Excursions from Thessaloniki to Pella and Edessa
The 58 acre palace complex of Pella was the birthplace of Alexander the Great of Macedonia and a court blessed by poets such as Euripides, Aratus and, of course, Alexander’s tutor Aristotle.
In the 4th century BC, the regions of Edessa, Pella, Giannitsa (Giannitsa became important around 1372 during Ottoman occupation) and Vergina (original name: Aiges, first capital of Macedonian Kingdom – the second capital being Pella) were at the heart of classical Macedonia. It was Phillip II, Alexander The Great’s father, who began the transformation of Macedonia into a world power. In fact Vergina, the first capital is in the Imathia region but only 54 km south from Pella.
At that time, Pella was at its height, the capital of the region and an opulent city with wide boulevards, well built houses with mosaic floors and a sophisticated water and sewage distribution system which encompassed the whole city. Originally by the sea (although eventually cut off due to the silting of the Axios, Aliakmon and Loudias rivers), the port and central Agora, the largest in the ancient world, were the business and administrative hub of the Macedonian Empire.
After 200 years as Macedonia’s capital, the status of Pella was downgraded by the Romans and in 90 BC was devastated by an earthquake. The excellent Pella Museum, which is located on the site bears witness to the wealth and opulence of the city.
The city of Edessa, the modern capital of the Pella region, is easily reached by train or car from Thessaloniki (90 km) and is located 48 km from Pella. A taxi between the two will take about 45 minutes. If you have driven to Edessa from Thessaloniki then it is an easy drive to Pella.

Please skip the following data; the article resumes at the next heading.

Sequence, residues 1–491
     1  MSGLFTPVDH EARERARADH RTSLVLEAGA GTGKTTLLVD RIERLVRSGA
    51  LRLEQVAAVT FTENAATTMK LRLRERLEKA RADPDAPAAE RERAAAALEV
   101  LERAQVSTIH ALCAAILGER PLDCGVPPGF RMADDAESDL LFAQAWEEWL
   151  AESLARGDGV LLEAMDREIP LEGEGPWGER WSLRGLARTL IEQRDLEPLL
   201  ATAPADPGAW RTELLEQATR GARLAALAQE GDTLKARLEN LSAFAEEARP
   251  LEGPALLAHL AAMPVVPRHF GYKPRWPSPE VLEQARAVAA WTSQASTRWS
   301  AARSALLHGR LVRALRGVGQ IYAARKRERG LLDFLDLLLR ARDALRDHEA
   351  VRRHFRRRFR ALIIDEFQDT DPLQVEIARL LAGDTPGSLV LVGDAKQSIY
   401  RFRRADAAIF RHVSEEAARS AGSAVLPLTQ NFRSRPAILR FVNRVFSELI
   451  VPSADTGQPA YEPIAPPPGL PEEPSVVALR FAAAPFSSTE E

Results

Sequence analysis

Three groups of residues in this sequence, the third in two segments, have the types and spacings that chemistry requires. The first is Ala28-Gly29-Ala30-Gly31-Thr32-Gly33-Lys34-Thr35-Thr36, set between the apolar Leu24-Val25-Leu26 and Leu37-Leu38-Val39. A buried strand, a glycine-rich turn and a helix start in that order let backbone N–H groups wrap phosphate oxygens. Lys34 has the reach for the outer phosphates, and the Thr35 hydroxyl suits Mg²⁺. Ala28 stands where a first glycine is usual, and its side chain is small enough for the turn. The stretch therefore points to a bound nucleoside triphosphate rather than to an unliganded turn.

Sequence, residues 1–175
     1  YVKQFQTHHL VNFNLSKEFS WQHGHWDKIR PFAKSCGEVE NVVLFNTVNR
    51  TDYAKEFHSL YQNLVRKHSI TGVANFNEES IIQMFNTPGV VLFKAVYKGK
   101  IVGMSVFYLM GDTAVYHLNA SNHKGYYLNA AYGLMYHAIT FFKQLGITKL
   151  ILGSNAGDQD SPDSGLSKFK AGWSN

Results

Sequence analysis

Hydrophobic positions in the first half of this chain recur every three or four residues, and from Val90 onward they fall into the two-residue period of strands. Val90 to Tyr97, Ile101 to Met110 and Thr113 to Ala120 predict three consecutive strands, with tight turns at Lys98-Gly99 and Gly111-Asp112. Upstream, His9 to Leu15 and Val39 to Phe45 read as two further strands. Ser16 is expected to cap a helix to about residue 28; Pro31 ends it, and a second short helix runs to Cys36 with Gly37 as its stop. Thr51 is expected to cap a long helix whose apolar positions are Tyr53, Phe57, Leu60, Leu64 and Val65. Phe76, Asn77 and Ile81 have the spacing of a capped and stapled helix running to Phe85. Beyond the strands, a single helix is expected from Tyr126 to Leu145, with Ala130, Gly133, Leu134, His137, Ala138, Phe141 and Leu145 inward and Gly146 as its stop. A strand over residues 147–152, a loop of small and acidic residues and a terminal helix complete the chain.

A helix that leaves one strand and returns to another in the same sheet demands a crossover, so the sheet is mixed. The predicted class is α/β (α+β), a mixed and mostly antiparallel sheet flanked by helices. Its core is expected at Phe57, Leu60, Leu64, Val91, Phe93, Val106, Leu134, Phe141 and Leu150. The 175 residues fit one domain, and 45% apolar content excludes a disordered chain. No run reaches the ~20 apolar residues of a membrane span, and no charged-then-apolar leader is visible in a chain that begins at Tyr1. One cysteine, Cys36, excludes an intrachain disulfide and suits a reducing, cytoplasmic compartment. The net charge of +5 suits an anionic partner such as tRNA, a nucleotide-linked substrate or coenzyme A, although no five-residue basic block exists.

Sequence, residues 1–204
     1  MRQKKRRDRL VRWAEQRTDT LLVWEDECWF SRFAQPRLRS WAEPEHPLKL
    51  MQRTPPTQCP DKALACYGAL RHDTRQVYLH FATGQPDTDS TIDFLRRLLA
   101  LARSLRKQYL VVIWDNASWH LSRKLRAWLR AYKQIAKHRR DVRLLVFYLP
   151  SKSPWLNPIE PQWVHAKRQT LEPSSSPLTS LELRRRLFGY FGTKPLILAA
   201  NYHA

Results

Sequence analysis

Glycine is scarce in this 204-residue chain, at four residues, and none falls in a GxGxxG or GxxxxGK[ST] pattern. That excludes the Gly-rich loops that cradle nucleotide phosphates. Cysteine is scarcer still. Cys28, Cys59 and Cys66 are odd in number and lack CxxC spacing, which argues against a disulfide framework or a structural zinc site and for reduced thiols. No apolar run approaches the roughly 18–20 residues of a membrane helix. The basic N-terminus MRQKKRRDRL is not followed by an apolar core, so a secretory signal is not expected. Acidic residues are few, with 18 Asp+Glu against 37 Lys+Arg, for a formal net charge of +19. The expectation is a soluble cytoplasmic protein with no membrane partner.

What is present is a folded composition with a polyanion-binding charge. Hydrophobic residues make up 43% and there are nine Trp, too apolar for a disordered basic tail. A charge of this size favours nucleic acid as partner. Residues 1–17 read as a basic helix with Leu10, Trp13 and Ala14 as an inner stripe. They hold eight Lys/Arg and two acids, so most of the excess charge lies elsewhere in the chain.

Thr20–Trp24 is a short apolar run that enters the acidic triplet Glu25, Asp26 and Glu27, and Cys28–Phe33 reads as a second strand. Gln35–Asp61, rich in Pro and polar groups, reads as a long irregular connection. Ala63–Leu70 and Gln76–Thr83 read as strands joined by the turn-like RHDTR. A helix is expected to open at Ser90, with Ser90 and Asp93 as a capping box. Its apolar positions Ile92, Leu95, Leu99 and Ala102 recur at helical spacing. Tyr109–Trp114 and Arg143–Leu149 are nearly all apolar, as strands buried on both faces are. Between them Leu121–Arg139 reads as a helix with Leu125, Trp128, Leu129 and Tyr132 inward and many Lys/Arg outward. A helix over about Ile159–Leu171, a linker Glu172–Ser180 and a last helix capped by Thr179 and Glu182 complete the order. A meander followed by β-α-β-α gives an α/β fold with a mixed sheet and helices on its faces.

Founded some 300 years before Pella and the capital of the region before Pella, ancient Edessa (remains from the Roman times) was to be found a little below the current location of the city. In the middle ages, because of its advantageous location on the Roman Via Egnatia which connected the Adriatic sea with Asia Minor, the city was fought over by Bulgarians, Byzantines and Serbs.. The Turks then followed and in the second world war, with the Nazi occupation of Greece, half the city was burned to the ground in retaliation to the shooting of one soldier by the Greek Resistance.
During the Salonica Front period in World War One, the region became a transit centre for the French troops who constructed significant infrastructure works such as the railway station and hospitals. Ho Chi Minh, the legendary Vietnamese leader, described it as ‘The City of Waters and Cherries’ as he was stationed there when serving with the French army during World War One. The city is located at the top of a 1,000 foot rock on which the ancient acropolis was located.
Today, Edessa thrives on tourism (skiing in winter) and is a convenient base from which to visit the rich archaeological remains in Pella, Vergina and other ancient sites in the surrounding region. It is also a city of waterfalls. The Edessaios river, fed by two mountain lakes, gurgles through the city via canals and streams until it reaches the tree lined precipice and falls hundreds of feet into the fertile valley below.
Overnight stays can be arranged in Edessa where there are several good hotels (Hotel Varosi Four Seasons/Hotel Hagiati) should this be required.
Summary of places to visit:
- Pella Archaeological Museum and Site,
- Edessa city (central park with waterfalls – walking distance - the tallest is “Karanos Waterfall” ~approx 70m high).
- Voras Ski Center (https://kaimaktsalan.gr/)
- Thermal Springs and Baths, Loutraki Arideas (or Pozar) https://www.loutrapozar.info/en/contact/Pozar-Installations/ )
Day trip combinations from Thessaloniki:
- Loutraki Aridea (enjoy natural thermal springs) and Edessa in the afternoon.
- Edessa city tour and Pella Archaeological Museum and Site (or vice-versa).
- Pella & Vergina Archaeological Museums.